Sunday 12 August 2018

One day at a time

I started this post last evening after what felt like a very long day and a bit of a rollercoaster week. Today, I'm still feeling a little out of sorts but just the act of writing this out has been helpful.

I'm in a bit of mood tonight.  It is soooo hot and although I have air-conditioning, the poor thing seems to be struggling to keep up.  Of course, I keep it a few degrees above normal room temp so it is warm in here.  The poor cats are annoyed as the sun room has been off limits for the last few days and keeping out of the way of young Eli can be challenging for them.  He does love to chase them, especially Sheldon, and fails to respect nap time.  

As frustrated as they are with Eli, I am with my daughter.  I arrived home this morning from Saskatoon (more on that in a moment) to find that my garage is chock-a-block full of stuff.  There is more crap than was there a couple of weeks ago even though D has assured me she has been getting rid of stuff!  When the door opened, there was barely space to walk through to get to the inside door.  She has been painting again, spray-painting that is, this time a lamp for her bedroom in Melville and another coat on a table for Eli.  She was so proud that she'd found cardboard to contain the paint...until I pointed out the large splotch on the driveway.  Sigh....  Anyone know how to remove paint from concrete?  No worries, I'll google it.  

On a happier note, the sale of the house was finalized yesterday.  It was a bit of a scramble as the first mortgage company declined due to the age of the house so we had to start again with a second.  They needed some additional information, I was out of town, and for once in her life my daughter wasn't answering her phone.  I texted her to call me and found she was getting my calls but ignoring them as she was on the line with someone else.  She eventually called, and we were able to put the info together.  Then there was a glitch with the counter-offer as the previous owner has been renting it out.  The mortgage company wanted a notice to vacate - however the owner/tenant have nothing in writing.  He did re-word the counter-offer to indicate the property will be vacant on possession date.  He too, was out of town and the deadline to remove the conditions was yesterday.  It was tight, but in any event, it was straightened out and by 8:40 p.m. Friday I had the confirmation letter.  Another countdown ...55 sleeps until moving day. 

My trip to Saskatoon wasn't planned, but came about when my cousin E called to let me know her sister J had passed away on Monday morning.  J has been battling cancer for a number of years so it wasn't entirely unexpected but still sudden. She was only 57 years old and is the first of our generation of cousins to pass.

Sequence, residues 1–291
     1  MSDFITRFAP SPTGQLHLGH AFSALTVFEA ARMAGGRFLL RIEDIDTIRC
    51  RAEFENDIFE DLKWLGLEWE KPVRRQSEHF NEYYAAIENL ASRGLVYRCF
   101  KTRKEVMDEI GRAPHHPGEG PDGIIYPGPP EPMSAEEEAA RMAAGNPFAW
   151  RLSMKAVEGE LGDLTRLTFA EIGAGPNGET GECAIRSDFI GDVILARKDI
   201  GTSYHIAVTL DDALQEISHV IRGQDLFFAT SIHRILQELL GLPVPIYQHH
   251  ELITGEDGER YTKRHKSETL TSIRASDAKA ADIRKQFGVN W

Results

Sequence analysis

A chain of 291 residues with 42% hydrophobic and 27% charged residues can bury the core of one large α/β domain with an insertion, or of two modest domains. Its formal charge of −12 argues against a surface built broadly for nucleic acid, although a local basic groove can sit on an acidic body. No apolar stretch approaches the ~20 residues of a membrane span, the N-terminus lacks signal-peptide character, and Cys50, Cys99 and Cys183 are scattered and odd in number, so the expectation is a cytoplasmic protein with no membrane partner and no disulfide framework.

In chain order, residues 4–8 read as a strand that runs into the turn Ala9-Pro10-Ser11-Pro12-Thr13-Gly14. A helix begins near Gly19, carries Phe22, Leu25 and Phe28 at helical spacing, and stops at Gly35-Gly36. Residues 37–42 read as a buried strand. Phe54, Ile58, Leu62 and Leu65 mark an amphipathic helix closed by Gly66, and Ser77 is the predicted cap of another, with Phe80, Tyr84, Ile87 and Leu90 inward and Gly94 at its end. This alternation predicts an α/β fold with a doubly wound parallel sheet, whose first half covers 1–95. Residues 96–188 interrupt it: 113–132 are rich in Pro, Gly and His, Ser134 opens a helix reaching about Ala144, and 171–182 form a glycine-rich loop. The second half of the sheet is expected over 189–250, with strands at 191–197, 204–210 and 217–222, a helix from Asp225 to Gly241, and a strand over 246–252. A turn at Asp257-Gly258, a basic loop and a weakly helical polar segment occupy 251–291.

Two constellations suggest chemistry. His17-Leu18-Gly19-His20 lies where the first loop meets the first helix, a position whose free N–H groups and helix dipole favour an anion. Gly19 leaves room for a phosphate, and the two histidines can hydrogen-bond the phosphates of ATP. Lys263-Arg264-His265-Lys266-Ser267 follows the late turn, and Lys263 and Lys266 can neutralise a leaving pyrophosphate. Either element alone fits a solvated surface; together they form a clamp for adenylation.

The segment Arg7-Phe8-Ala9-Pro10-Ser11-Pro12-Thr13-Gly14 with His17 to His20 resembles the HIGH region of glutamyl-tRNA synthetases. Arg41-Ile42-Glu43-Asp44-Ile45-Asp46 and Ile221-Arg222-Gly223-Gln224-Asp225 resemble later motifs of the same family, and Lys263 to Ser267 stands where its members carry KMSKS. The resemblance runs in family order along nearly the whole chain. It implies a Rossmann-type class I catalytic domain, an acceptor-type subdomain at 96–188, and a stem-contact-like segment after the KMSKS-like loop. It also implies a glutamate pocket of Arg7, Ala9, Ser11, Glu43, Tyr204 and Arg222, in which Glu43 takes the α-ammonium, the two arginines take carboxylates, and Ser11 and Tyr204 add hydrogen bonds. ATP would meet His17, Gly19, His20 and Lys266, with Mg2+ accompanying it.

Actually, J is my second cousin, her father M is my dad's sister's son (or my dad's nephew if that makes it easier).  But my aunt married young, while my dad was in his 40's.  So M's oldest children, J and her twin sister (also J) are between my younger sister and younger brother in age.  They lived on the farm here in southern Saskatchewan, while we grew up on a farm in the north-eastern corner of the province.  As a result, we didn't meet until we were teenagers.  For some reason, no longer in my recall, my younger siblings and I spent a weekend at their home about the time the J's graduated from high school.  I don't remember if we kept in touch then...I'm thinking there may have been some letters back and forth but for the most part it was M and his wife who visited my parent's home.

J did attend my dad's funeral in 2008 with her parents, I saw her again at her  mom's funeral in 2012, and a year or so later when I was travelling to Saskatoon for work we met for dinner fairly frequently.  Once my work trips to Saskatoon ended, we kept in touch via Facebook, infrequent telephone calls, and a visit some months ago when J was here for an event for her niece.  I recall we had such a nice visit at dinner and she shared the book she had made for her family.  It was a scrapbook style, but published in a format that was professional and polished.  There were photos of various relatives including her grandmother (my aunt) that I'd not seen previously.  She had written the story of her parents from marriage through to great grandchildren.  I'm certain it will be treasured by all who received a copy last Christmas.

She was on leave from work due to her illness but looked healthy and happy.  We talked about her recent cruise with J2, her plans for future trips including one to Ireland, and family memories. In all of our conversations we never discussed her cancer.  I knew she'd been diagnosed (her brother T is close to my brother R) and she knew I knew but it was never something that either of us brought up.  When I left her at the hotel I told I'd be sure to be in touch and we'd get together again in Saskatoon but that didn't happen. There is definitely  feelings of guilt over that.  

Yesterday, I learned that she had a seizure earlier this year, and was subsequently diagnosed with a brain tumor.  Her original cancer was in the colon and she was close to 4 years into that battle.  She was hospitalized, refused radiation, but did agree to a gamma knife procedure.   After treatment J returned home, and she and J2 made a road trip to Ontario to visit friends and family in June.  In early July she had a PET scan and discovered that while the brain tumor had decreased in size, the cancer was back in her colon and had spread to her liver.  Even so, she was able to be at home until she had another seizure when she was moved to respite care.  After three weeks, it was decided she was well enough to go home again.  Even so, on Wednesday, she told her friend Linda she was afraid to go home and really would prefer to stay in the care home.